When a long-running lawsuit alleging police brutality goes to mediation next week, both plaintiff Adam T. Saetrum and the sheriff’s sergeant he’s suing will each have one court ruling in their favor.
Saetrum, now 23, claims that back in February 2013, Sgt. Jake Vogt of the Ada County Sheriff’s Office intentionally struck him with his patrol car during a police drug buy that went down in the parking lot of Boise Towne Square.
Vogt, who maintains he did nothing wrong, claimed the door of his car may have bumped Saetrum when it opened. But it wasn’t enough for Saetrum to lose his balance, Vogt said in a filing in the federal lawsuit filed in 2013.
Late last year, the 9th U.S. Circuit Court of Appeals sided with Saetrum, saying a reasonable jury could find Vogt intentionally struck Saetrum with the car.
“Running into Saetrum with the patrol car violated clearly established law,” the three-member appeals panel wrote in its six-page decision. “Any reasonable officer would have understood using the patrol car as an impact weapon was unconstitutional under the circumstances.”
Saetrum, a Boise resident, said he was injured from the impact of the patrol car, which he claimed knocked him to the ground.
The appeals court did rule a later action by Vogt didn’t violate the law. Saetrum had claimed Vogt grabbed him, spun him around and slammed him to the ground, causing injuries and a concussion.
The court did not weigh in on whether Vogt used excessive force, but rather focused on the context, contrasting the situation with a public intoxication case where force used against a suspect who did not resist arrest left that suspect with a broken back. "... Even assuming the takedown involved an unreasonable application of force, the contours of the law were not sufficiently clear to put any reasonable officer on notice that tackling Saetrum would violate the Constitution," the court wrote.
U.S. District Judge William Shubb, who is handling the case, ordered lawyers for both sides to meet on Thursday with Magistrate Mikel H. Williams to see if a settlement can be reached.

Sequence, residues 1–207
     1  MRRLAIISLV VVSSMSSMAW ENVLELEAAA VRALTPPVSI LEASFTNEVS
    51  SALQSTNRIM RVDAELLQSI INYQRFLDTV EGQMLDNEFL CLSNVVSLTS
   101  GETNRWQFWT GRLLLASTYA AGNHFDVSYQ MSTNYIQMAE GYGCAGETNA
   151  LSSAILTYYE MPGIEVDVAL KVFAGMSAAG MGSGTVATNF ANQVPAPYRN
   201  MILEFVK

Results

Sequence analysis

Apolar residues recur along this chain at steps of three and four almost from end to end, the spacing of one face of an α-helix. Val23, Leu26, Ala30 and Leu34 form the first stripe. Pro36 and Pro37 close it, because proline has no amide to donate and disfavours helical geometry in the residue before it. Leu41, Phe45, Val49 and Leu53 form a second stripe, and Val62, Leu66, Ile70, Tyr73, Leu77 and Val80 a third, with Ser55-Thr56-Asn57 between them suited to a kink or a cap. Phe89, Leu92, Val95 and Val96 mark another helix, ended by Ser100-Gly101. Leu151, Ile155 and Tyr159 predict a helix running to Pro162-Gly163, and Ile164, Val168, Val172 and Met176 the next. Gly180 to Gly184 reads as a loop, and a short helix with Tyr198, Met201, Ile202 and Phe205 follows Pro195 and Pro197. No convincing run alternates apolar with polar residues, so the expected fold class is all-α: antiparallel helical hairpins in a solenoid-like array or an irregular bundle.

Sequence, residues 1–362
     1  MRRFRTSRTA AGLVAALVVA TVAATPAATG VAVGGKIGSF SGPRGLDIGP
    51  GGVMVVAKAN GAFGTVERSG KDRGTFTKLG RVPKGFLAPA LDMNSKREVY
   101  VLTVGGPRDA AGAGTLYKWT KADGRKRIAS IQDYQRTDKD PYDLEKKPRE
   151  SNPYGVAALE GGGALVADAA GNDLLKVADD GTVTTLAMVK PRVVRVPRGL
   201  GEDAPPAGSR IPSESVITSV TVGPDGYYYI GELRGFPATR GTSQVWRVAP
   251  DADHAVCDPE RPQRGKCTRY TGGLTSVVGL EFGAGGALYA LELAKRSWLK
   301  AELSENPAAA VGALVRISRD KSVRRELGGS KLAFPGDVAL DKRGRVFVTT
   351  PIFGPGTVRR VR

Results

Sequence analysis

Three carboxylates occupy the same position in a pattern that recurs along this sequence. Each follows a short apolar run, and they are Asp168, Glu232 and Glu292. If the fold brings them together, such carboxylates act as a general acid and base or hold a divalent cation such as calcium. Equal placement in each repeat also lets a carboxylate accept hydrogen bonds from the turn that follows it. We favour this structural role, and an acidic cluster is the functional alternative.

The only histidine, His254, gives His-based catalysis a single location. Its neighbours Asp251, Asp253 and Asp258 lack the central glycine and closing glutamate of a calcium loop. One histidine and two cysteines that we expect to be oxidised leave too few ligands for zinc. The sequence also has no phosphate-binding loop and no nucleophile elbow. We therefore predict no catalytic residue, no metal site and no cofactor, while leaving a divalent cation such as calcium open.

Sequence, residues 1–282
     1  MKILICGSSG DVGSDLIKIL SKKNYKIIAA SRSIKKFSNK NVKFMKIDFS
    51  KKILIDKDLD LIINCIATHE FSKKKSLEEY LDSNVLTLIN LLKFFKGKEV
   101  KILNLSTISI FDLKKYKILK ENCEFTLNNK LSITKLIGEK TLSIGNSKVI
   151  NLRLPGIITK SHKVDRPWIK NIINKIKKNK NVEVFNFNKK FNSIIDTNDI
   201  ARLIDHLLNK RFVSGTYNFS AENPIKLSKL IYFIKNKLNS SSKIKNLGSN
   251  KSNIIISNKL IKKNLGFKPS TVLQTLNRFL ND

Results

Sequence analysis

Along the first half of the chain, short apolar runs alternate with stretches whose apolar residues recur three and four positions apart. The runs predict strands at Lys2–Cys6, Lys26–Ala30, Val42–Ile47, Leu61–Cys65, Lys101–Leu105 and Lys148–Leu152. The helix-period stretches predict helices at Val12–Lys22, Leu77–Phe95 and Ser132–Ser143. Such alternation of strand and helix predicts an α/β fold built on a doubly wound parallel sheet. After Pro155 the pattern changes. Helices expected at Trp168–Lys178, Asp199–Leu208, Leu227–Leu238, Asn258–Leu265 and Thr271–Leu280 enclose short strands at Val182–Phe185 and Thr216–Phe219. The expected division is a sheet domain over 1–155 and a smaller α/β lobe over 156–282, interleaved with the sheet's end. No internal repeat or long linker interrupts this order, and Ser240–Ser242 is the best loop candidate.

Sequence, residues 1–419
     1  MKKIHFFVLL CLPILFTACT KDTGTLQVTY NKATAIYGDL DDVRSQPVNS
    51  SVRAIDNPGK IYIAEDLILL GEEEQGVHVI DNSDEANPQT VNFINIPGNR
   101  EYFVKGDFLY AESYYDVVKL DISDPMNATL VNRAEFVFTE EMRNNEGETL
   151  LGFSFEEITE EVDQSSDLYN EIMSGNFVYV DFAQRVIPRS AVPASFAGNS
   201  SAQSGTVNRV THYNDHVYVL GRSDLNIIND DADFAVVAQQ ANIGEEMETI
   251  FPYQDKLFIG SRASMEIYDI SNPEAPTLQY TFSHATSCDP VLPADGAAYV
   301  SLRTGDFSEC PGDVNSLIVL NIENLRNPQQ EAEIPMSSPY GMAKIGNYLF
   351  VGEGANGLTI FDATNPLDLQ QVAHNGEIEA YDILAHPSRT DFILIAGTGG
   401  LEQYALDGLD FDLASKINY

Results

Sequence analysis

If Thursday’s mediation session fails to bring an agreement, the case is scheduled to go to trial April 10.
Saetrum is seeking $7,835 for treatment of his knee injury, $60,000 for pain and suffering and up to $250,000 in punitive damages.
In a pretrial memo filed last month, Vogt continued to maintain he did not intentionally strike Saetrum or knock him to the ground with his car.
“(The) defendant denies those claims and contends that the only possible physical contact with the patrol car would have been minor contact with the driver side door while (the) defendant was getting out of the patrol car, which did not result in (the) plaintiff falling to the ground,” wrote Ray Chacko, a civil attorney with the Ada County Prosecutor’s Office.
The incident took place in February 2013, after an undercover officer arranged to buy a quantity of marijuana from Saetrum.
Saetrum got in the officer’s unmarked pickup truck in the mall parking lot and showed him the marijuana. The officer told Saetrum he had to go inside the mall to retrieve his money from a friend.
Vogt and Deputy Tyler Stenger, driving marked patrol cars, drove toward the pickup to arrest Saetrum. Two other officers drove toward Saetrum’s car, parked about 50 feet away, to arrest two men waiting inside it.
As Vogt approached the pickup, Saetrum got out and began walking toward his car. Vogt accelerated slightly and intercepted him.
Saetrum pleaded guilty in state court of possession with intent to deliver a controlled substance and spent four months in the Correctional Alternative Placement Program in 2014. Since his release from that program, he has worked steadily at a restaurant and is a shift supervisor.
He served five weeks in jail in 2015 following a probation violation. A drug test came back with a dilute result, which occurs when there is too much water in the urine. Saetrum said he missed dinner and breakfast while his family was working on a home improvement project.
Court records show Saetrum has been drug-tested three to six times a month, 120 tests in all, since he was first released from jail. All of the other tests came back negative, court records showed.
He remains on probation through February 2019.
Saetrum also sued the Ada County Prosecutor’s Office in a state action. That case was dismissed in July.
This article has been updated to better reflect the appellate court's ruling.